Monday, June 13, 2011

Chakan: The Forever Man

When I first decided to write about Chakan, I figured it would be a quick and simple article. Sure it's a weirdly dark action platformer for the Genesis and Game Gear, but it was only one game that was only ported once, so how complicated of a history could it have? As it turns out, this undead pilgrim-looking guy has had a lot of behind-the-scenes drama. Chakan began life as an indie comic book that, as far as I can tell, was never particularly successful. Someone at Sega must have been a fan, because in 1992 it was adapted as a video game. The Genesis version was the first game developed by Extended Play Productions, who went on to exclusively make FIFA games for the next five years and then dissapear. The Game Gear version was developed by an unnamed Sega internal studio.

I'll be writing about the Game Gear version here because that is the version that I own, but I'm pretty sure I own it because I had rented the Genesis version and liked it for some reason. The versions are similar, but obviously the Genesis version is better looking and more fleshed out. Both are insanely hard. The main gimmick is that Chakan himself cannot die, which is translated into the game by giving the player unlimited lives, which was pretty unprecedented for a game from 1992. This mechanic may have been ahead of it's time, but in a weird way Chakan was the progenitor of a lot of things that I wasn't aware of. More on that later.


The game starts out by having you select your difficulty level, but the three choices are named such that I don't know which word is supposed to signify which is hardest. Actually, the game starts with the title screen playing a barely understandable voice clip saying “Chakan: The Forever Man,” but that's not really important. Anyway, you start in a hub world with various roman numeral labeled levels to choose from.

My first instinct was to go to level I, but that seemed like a mistake because it was a pain in the ass and I couldn't beat it. There are demons flying around, rocks being thrown at you, and if you get past all that there are lizard guys with swords waiting for you inside. The weirdest thing about fighting these enemies is that they take multiple to kill, but they don't have any attack reaction, so it is hard to tell if you are even successfully hitting them. This also makes crowd control impossible because they don't get knocked back.

It's a shame that the interactions with enemies are so bad because because there are the makings of a decent combat system hidden in there. You can use your town swords to attack in 8 directions, as well as from jumping and crouching. There is also a double jump that can be turned into a spinning slash attack. I found that the most reliable method of attack was to use the spinning attack, which I believe has some sort of temporary invulnerability. Even more reliable than attacking was to just use this spin attack to move past and avoid enemies all together. This tactic is fine in some stages, but in others you need to kill enemies to get keys to unlock doors. It could have been a solid Castlevania-like experience, but it just isn't.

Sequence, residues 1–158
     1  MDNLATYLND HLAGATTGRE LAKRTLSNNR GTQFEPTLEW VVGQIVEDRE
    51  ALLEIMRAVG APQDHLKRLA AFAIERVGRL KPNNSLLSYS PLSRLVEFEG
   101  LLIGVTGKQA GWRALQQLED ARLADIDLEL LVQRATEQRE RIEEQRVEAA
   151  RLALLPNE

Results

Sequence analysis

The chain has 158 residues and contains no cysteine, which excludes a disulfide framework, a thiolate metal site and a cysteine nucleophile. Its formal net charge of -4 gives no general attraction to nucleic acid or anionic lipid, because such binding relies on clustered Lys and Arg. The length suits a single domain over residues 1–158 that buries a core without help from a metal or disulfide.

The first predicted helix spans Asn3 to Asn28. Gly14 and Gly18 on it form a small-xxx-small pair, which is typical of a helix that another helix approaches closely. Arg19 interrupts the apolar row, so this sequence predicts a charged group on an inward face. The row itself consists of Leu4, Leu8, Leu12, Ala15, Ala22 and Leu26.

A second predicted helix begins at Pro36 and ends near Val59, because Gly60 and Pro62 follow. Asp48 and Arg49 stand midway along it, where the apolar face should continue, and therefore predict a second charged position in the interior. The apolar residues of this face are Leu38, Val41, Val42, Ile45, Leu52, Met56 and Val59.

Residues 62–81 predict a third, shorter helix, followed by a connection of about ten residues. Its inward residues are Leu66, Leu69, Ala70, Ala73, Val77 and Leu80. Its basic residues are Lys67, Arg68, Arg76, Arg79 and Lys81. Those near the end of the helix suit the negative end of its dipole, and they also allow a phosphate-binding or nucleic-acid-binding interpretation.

The non-linearity of the level design is kind of nice. It's not just he ability to choose multiple levels from the hub world that you return to upon completing a level or dying, but the levels themselves are decently complex. There are hidden nooks and crannies that contain different items, such as upgraded elemental swords and potions that give you various effects like temporary invincibility. Still, Chakan is really difficult, and for most people, including myself, it is more difficult than it is fun. I can enjoy difficult games, but games that are unfair just aren't worth my time.

When I say Chakan was the beginning of a lot of things in the video game industry, I don't just mean it is the first game from a studio that made a bunch of soccer games. It was the first game designed Ed Annunziata, a guy who is responsible for some of Sega's most bizarre creations such as Ecco The Dolphin and Mr. Bones. The art designer was Steve Ross, a designer on the chronically overlooked classic Greendog: The Beached Surfer Dude!, which was released the same year on Genesis, and a man whose paths would cross with Chakan many years after the game's release.

According to the internet, Sega had planned to revive Chakan for the Sega Dreamcast, and they brought Steve Ross back to work on it. It is unclear how far into production the game got, but it doesn't appear to have gotten much further than initial design phases, but there is a good deal of concept art out there. Now this is where things get weird. At some point the development studio that was working on it was bought up by Eidos, owners of the Legacy of Kain series. Steve Ross was brought in to work on Blood Omen 2: Legacy of Kain for Crystal Dynamics, and somehow much of the concept for the Dreamcast Chakan game somehow ended up in Blood Omen 2. The exact relationship between the two games is unclear, but the similarities are undeniable. I was surprised to find this out because that game is the only one in the series I spent any extended time with and I had heard it was quite a bit different from others in the series. This was really interesting to me, and I was surprised to find out about it when just doing my research on Chakan, a game I thought was never all that important.

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